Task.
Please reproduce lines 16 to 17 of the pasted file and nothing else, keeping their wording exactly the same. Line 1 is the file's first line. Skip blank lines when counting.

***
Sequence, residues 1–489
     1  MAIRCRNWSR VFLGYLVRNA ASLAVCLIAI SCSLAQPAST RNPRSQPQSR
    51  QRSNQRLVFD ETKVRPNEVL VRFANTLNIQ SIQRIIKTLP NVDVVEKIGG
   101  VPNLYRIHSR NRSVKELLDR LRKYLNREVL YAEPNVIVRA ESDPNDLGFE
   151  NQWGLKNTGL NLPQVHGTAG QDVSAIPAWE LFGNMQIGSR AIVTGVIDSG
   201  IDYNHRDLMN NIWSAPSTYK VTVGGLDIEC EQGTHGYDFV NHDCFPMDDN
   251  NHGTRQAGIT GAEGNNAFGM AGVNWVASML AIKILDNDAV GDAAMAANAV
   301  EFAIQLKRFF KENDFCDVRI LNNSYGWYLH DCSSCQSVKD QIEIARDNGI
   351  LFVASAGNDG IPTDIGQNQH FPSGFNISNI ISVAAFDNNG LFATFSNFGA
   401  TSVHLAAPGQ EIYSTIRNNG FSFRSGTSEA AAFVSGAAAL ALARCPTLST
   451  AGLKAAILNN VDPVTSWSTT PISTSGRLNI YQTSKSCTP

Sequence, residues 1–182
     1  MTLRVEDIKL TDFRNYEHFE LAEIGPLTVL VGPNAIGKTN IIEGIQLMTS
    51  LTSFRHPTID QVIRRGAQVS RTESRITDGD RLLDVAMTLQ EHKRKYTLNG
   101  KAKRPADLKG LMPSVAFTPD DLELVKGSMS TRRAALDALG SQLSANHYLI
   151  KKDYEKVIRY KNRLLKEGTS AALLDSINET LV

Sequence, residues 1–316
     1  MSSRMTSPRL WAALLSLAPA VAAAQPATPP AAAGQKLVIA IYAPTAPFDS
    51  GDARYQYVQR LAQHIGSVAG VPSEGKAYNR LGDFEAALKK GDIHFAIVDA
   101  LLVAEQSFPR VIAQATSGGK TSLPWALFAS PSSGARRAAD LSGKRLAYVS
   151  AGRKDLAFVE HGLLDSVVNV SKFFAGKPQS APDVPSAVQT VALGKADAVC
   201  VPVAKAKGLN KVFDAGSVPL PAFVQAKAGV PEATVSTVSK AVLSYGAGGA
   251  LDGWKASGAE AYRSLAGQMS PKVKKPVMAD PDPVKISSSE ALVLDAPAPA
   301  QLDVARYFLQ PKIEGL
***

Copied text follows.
   151  KKDYEKVIRY KNRLLKEGTS AALLDSINET LV

Sequence, residues 1–316